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Spelman remembers the high points

Tuesday, December 23, 2014 by Jo Clifton

After three terms on the Austin City Council, first from 1997 to 2000 and then from 2009 to present, Council Member Bill Spelman is retiring from his nonpaying city gig. Professor Spelman, who also teaches courses in applied math and statistics, urban policy and public management at the LBJ School of Public Affairs at the University of Texas, will be keeping that job. Employees of state agencies and universities are allowed only one government-funded paycheck, so his public service at the city has not added to his income.

Spelman also served for eight years as executive director of the Texas Institute for Public Problem Solving, which trained 13,000 police officers throughout Texas in the practice of community policing. During his time on the Council, however, he often found himself at odds with the police, arguing frequently that the public safety budget was eating up too much of citizens’ money. In particular, he has opposed the 2.0 officers per thousand people metric that the department has used for years to justify bigger budgets. He never seemed to win that argument.

However, Spelman’s aide, Ashley Fisher, noted that 2014 was the first year that APD did not use 2.0 as a metric, but presented a business case for its budget additions, like every other department, for why it needed more money. “He claimed victory because they didn’t just say 2.0 and we’re done,” Fisher said.

When asked to point out a favorite or important thing he had worked on, Spelman referred to a little-noticed budget requirement called the budget affordability measure, which he invented earlier this year. Even though it has not gotten much attention, he predicted that “it will turn out in the long run to be really important.”

Spelman explained how it works: “We have a performance measure that the budget office will calculate at the beginning of every budget cycle, which states that spending on the general fund ought to go up to this point but no higher. It’s not a cap. Otherwise, we will be taking a larger percentage of people’s income out of their pockets than we were last year.”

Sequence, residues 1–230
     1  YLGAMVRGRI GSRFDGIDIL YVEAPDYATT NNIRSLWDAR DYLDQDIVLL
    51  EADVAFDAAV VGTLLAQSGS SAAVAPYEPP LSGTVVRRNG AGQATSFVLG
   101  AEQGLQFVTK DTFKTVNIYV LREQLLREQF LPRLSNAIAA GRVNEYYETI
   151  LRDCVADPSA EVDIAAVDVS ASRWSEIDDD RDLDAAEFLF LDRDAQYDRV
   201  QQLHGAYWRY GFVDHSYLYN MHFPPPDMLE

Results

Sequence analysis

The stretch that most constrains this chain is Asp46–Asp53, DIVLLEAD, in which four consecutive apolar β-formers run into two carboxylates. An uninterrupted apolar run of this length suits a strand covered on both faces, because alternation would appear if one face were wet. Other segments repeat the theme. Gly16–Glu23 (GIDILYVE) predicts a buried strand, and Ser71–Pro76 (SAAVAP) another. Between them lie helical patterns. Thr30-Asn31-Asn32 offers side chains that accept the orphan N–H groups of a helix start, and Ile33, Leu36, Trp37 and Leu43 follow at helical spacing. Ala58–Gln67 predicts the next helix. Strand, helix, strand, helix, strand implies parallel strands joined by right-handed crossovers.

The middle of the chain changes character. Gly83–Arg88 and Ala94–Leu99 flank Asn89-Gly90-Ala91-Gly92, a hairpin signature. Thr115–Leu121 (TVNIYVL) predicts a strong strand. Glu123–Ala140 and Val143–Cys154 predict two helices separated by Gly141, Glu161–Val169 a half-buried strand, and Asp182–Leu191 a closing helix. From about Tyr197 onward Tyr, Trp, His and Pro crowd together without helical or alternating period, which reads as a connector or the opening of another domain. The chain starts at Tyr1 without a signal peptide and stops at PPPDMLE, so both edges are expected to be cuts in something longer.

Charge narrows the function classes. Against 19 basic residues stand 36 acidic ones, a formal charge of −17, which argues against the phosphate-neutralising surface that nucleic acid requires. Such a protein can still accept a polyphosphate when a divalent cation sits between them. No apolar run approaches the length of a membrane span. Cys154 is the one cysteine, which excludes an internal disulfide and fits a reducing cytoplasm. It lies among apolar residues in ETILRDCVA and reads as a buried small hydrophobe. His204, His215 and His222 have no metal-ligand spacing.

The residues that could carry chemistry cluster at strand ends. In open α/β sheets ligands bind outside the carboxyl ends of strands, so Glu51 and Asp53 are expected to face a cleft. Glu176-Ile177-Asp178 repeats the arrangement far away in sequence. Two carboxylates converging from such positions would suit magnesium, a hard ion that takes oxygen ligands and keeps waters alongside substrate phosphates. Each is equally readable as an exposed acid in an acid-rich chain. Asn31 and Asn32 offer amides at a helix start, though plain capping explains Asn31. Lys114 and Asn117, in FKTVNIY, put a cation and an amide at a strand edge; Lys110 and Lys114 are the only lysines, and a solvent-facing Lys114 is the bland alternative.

“It’s not a spending cap, it’s just a benchmark,” he said. “If you want to go over the benchmark, you can, but if you find yourself going over the benchmark 15 years in a row, as we did between 1999 and last year, then maybe you are doing something wrong. So, this is about how much the citizens of Austin can afford.”

Spelman continued: “So this is the first year where we actually had that available. I think the next budget cycle, a bunch of people will be saying how much should we be spending, let’s find a way of staying under that amount, rather than just cranking up the property tax amount.” He said he worked with Deputy Chief Financial Officer Ed Van Eenoo and economist Jon Hockenyos on figuring out how to create the benchmark, using data from the Bureau of Economic Analysis.

“It is the right way to do the benchmark … a way not to take more out of people’s pockets every year, which has been our practice for the past 15 years … so if incomes go up 5 percent, OK, our spending can go up 5 percent,” Spelman concluded.

Asked what personal advice he would give to members of the new 10-1 Council, Spelman said, “Remember that the City Council meeting is an athletic event. You start at 10 in the morning and go until 10 at night or later. That is going to be physically draining. So you need to be sure to eat well, get a good night’s sleep. All that good stuff that you do before a marathon, you do that before a City Council meeting. The few times that I’ve been unable or unwilling to do that before a City Council meeting, I have seriously paid the price for it. It’s an athletic event — treat it like an athletic event.”

He doesn’t assume that the new Council will necessarily follow the old Council’s patterns. “We used to meet almost every week, and meetings were roughly half as long — at least there were half as many agenda items. A new administration could reasonably decide to meet every week, rather than every two weeks. I think it would be a good move. The work sessions help a lot.”

And Spelman remembered one more piece of advice: “In 1997, some guy I never met sent me a postcard. It said, ‘Never forget that you’re a City Council member for (the whole population), whatever the number was, and you will only see a tiny fraction of those people at City Council meetings,’ or hear from them through emails or by phone calls. ‘You’re not going to hear from 95 percent of the people. But you’ve got to represent the other 95 percent of the people, not just the people that are in your face.’

“It’s really obvious; I knew that. But you might tend to forget that when you’re in this building for very long. I thought, ‘I better remember this.’ I put it up on my bulletin board and I would look at it every so often and I would think, yeah, I can see why he wrote this. It’s really easy to forget that. It’s often a stretch to know what the 840,000 people need as opposed to the 200 or so who show up all the time.”

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